The Court of Appeal held that the standard of a ‘good arguable case’ or ‘plausible evidential basis’ was too low and instead, “the test remains one of unambiguous impropriety. Nothing less will do.” If parties fear that spontaneous comments made at settlement negotiations will be misconstrued, become the subject of satellite litigation concerning their admissibility, and potentially be deployed as evidence, this may deter honest and productive attempts to settle and instead encourage parties to produce carefully scripted and recorded statements at such meetings, or avoid attempts to settle altogether. The Court of Appeal held that the public policy of encouraging settlement is sufficiently valuable that there should be a high bar to losing privilege during without prejudice settlement negotiations, even if this comes at the cost of unscrupulous parties sometimes facing no consequences of their abuse of privilege.

The Court of Appeal was additionally concerned that a ‘good arguable case’ test would allow the High Court to admit evidence to justify a freezing order, despite it not being possible to determine at that, or a future, stage whether a credible dispute as to what was said was in fact the correct version of events. Such a situation was not “satisfactory or just”. The Court of Appeal held that in the present case, Hytera’s evidence of what was said at the meeting was at least equally as plausible as Motorola’s, and that there was insufficient clarity as to what was said to justify the loss of privilege.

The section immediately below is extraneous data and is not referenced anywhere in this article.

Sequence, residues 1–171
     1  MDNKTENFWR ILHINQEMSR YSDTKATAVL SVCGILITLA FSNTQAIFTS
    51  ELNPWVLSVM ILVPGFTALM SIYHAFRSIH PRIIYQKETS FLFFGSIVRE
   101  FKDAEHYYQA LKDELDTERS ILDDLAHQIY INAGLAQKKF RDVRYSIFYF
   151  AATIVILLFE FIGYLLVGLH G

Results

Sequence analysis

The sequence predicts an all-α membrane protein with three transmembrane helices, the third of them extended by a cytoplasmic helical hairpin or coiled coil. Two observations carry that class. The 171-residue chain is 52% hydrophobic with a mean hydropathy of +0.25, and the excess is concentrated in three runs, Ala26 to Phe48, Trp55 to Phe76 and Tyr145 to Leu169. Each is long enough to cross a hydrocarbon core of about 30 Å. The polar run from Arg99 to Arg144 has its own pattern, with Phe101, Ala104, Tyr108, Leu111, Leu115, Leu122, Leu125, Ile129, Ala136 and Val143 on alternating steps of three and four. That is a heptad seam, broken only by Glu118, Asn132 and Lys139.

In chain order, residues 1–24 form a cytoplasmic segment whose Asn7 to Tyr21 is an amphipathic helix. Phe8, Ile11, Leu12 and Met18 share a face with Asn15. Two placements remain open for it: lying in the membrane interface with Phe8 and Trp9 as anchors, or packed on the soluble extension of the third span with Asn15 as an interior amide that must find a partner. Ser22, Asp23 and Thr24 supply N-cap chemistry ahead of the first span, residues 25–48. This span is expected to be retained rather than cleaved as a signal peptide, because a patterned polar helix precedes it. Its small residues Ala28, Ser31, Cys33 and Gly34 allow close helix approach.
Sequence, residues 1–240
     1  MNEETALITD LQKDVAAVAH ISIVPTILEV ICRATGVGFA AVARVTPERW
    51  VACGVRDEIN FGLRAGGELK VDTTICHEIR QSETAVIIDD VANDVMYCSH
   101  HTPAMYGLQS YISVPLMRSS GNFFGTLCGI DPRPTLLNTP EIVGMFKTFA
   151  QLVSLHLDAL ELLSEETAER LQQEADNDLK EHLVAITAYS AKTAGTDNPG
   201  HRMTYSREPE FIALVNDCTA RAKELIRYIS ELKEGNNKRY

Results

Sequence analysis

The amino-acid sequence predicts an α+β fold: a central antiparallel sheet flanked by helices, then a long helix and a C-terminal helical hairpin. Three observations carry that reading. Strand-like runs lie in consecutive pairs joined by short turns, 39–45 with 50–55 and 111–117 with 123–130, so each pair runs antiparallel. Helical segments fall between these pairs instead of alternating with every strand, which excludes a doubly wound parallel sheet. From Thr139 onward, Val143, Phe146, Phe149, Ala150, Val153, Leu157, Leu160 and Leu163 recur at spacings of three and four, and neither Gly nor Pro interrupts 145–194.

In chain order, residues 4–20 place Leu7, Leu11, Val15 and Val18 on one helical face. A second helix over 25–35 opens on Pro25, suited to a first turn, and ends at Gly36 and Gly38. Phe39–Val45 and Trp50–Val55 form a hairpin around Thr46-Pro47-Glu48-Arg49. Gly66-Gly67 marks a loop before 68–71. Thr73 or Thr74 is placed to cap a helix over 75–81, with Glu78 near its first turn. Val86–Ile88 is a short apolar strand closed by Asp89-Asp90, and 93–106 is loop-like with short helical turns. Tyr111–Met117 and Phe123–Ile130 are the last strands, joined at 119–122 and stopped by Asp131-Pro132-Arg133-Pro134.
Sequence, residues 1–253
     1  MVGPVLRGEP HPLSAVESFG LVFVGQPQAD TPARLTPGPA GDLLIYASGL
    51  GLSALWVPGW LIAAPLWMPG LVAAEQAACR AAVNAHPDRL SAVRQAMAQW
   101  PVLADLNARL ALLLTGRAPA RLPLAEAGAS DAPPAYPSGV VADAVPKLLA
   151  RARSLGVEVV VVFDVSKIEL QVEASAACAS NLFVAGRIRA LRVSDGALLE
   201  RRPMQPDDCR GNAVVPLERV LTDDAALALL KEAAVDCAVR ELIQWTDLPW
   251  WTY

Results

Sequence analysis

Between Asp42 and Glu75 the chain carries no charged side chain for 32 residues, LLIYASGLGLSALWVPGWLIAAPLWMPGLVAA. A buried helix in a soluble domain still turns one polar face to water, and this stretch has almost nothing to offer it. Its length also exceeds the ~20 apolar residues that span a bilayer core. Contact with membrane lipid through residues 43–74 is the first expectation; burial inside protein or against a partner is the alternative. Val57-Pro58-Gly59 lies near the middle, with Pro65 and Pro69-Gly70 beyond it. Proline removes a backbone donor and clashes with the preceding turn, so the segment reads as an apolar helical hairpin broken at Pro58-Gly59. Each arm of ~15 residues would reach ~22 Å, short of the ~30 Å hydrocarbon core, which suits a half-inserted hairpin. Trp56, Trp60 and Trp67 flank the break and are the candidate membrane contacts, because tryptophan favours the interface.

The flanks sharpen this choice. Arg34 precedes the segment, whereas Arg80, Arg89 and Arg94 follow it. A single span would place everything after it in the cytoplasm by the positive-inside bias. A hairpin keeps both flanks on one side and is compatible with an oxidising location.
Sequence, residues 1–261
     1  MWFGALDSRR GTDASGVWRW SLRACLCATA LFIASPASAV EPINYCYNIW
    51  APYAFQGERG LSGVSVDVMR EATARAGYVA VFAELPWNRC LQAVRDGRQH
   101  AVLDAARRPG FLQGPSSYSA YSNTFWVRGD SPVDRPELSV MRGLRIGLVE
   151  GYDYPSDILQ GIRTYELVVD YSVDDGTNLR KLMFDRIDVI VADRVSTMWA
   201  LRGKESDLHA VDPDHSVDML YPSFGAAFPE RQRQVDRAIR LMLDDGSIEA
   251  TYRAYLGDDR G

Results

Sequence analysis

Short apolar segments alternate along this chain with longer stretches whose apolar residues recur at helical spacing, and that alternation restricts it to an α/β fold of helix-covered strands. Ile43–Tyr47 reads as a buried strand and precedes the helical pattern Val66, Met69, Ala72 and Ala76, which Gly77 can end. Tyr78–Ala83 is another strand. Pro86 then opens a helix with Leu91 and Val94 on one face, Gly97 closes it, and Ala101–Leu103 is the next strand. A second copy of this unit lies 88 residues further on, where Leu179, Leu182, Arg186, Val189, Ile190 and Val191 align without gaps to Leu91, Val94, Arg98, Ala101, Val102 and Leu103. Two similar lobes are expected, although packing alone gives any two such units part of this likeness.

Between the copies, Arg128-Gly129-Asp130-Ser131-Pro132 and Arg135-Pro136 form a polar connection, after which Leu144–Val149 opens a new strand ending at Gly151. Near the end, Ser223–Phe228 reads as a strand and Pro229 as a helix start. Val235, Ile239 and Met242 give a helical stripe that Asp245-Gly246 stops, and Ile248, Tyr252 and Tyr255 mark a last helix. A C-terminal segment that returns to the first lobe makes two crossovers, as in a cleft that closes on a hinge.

Even if the factual evidence was entirely clear, the privilege should not be lost unless the statements were sufficiently improper. The Court of Appeal held that “the specific courses of action identified as part of the retreat strategy involved no impropriety” and that the alleged threats were not admissible.

The Court of Appeal held that Jacobs J’s decision, that in the absence of the alleged threats there was insufficient evidence of a risk of dissipation, was “an evaluation which is for the judge at first instance to make”. The Court of Appeal did not interfere with this decision and so set aside the freezing order.


This judgment emphasises that the privilege attached to settlement negotiations will be fiercely defended and that “even in a case where the “improper” interpretation of what was said at a without prejudice meeting [was…] probable, that is not sufficient to satisfy the demanding test that there is no ambiguity.

The Court of Appeal suggested that while not impossible, it would likely be rare for privilege to be lost in an unrecorded settlement meeting and that “the existence of a credible dispute about what was said (or what was meant by what was said) may mean that a court cannot be satisfied that there has been an unambiguous impropriety and therefore does not admit the evidence”. In unscripted and unrecorded meetings of significant duration, the risk of misremembering and / or misunderstanding is likely to be significant enough to render the high standard of ‘unambiguous impropriety’ very difficult to meet.

This judgment is also a reminder that even if there is certainty about what was said, there is a high bar for a statement to constitute unambiguous impropriety and lose its privilege.

"the test remains one of unambiguous impropriety. Nothing less will do."


litigation, privilege